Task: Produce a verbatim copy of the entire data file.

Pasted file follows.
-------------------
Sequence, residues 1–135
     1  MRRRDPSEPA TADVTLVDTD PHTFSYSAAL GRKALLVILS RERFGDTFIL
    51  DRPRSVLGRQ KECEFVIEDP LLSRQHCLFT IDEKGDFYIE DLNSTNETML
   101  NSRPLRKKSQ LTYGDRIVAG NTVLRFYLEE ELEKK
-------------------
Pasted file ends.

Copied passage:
Sequence, residues 1–135
     1  MRRRDPSEPA TADVTLVDTD PHTFSYSAAL GRKALLVILS RERFGDTFIL
    51  DRPRSVLGRQ KECEFVIEDP LLSRQHCLFT IDEKGDFYIE DLNSTNETML
   101  NSRPLRKKSQ LTYGDRIVAG NTVLRFYLEE ELEKK